The threats associated with the operation of such fighters are multi-faceted. In the context of security in the Baltic Sea, the most likely scenario is the return of FTF to the countries of origin, where they will be able to travel freely with their passports around their country and the entire EU. Their activities can take the form of organizing a terrorist network in the country, planning a terrorist attack or using their experience in training young fighters (OSCE 2018). Regardless of which of the above-mentioned actions will be taken, they will be a real threat to the security of Western society. Statistics regarding the number of militants with EU passports who returned to their homelands are worrying, and are presented in Table 1.

Table 1 The number of FTF fighting in Iraq and Syria who returned to their countries of origin

The analysis of the data in the table shows that the countries in the BSR to which the largest number of militants returned are mainly Germany, Sweden and the Russian Federation. However, the author believes that fighters returning to Russia will focus on the Caucasus, as they are mainly Chechen fighters, not Russians. They will be a challenge for Russian security services, but their activity will not focus on the relatively small area of access to the Baltic Sea in the Gulf of Finland and the Kaliningrad Oblast. Other terrorists can get into EU countries with a mass of illegal immigrants who have been coming to the EU since the beginning of the Arab Spring in Libya.

The civil war in Libya, which began in 2011 and continues to date, has made its territory an oasis for terrorism and organized crime dealing in the smuggling of people, weapons and drugs. The funds obtained in this way support the activities of terrorist organizations. The security void created in Libya was quickly used by al-Qaeda and ISIL. Both organizations have powerful influence in Libya and although they do not permanently occupy areas, as was the case with ISIL in Iraq and Syria, they interact with local authorities and have the ability to further inspire terrorists with the help of Internet propaganda and to act with the help of FTFs returning to Europe.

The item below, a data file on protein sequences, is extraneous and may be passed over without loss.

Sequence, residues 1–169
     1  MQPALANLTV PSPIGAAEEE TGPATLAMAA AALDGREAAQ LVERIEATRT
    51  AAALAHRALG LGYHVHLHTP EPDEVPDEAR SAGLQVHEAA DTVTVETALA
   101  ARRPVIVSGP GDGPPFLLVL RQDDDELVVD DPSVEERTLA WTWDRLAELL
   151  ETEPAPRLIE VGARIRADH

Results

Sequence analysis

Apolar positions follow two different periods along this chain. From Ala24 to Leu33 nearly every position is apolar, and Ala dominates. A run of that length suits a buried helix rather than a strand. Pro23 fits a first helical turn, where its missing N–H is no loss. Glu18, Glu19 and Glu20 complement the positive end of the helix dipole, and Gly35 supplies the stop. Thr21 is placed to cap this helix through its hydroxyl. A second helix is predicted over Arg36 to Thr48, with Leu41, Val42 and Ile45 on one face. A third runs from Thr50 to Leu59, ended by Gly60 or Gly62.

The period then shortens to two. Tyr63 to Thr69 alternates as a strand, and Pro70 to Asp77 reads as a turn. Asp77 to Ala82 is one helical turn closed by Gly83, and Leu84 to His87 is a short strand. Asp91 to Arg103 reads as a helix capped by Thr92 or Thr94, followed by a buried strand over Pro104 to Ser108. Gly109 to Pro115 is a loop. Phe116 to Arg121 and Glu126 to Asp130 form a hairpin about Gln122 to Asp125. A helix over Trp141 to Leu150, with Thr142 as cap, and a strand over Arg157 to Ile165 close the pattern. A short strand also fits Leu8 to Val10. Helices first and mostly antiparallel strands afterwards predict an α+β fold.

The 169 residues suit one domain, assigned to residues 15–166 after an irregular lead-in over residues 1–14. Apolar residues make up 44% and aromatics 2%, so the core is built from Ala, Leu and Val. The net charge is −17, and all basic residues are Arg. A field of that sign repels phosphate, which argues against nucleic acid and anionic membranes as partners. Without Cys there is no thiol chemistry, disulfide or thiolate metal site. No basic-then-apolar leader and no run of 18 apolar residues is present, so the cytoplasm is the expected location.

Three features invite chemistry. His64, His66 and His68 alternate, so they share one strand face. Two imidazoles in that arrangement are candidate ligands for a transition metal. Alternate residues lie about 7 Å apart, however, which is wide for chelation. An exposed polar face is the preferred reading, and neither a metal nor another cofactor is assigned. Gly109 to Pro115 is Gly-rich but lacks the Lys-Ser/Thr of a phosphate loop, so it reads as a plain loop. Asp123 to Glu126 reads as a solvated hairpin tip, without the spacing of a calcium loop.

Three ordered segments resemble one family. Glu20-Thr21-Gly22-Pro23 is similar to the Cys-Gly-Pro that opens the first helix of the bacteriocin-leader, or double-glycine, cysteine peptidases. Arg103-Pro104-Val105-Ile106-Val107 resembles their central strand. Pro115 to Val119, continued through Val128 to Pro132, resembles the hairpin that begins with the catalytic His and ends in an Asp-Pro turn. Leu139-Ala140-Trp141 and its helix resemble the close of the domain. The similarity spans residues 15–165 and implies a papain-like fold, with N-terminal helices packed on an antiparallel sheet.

Ferry and cruise ships’ intensity in the Baltic Sea

BSR countries almost 100% belong to the EU, with the exception of the Russian Federation, which allows us to state that the Baltic Sea is almost an internal sea of the EU. Sea transport that takes place via sea routes is of great importance for European trade, because almost 90% of exports from the European Union and 40% of internal freight is carried out by sea (Urban 2018). The BSR plays a significant role for the Baltic States as well as for their external exchange. The Baltic Sea is one of the most heavily trafficked seas in the world, accounting for up to 15% of the world’s cargo transportation. It has also been known as difficult area for shipping for a long time. On one hand narrow straits, multiple islands and shallow waters do not leave a lot of space for navigation and on the other hand can create favorable conditions for organizing a terrorist attack which can possibly have a great impact on the BSR economy. As there are about 2000 ships in the Baltic marine area at any given time the possibility to choose the most suited vessel is very high. There are about 400 sea ports in the region of which 90 are of international importance. Between these ports commercial and passenger traffic is sailing throughout the year. For the purpose of this article, passenger traffic would be the most interesting.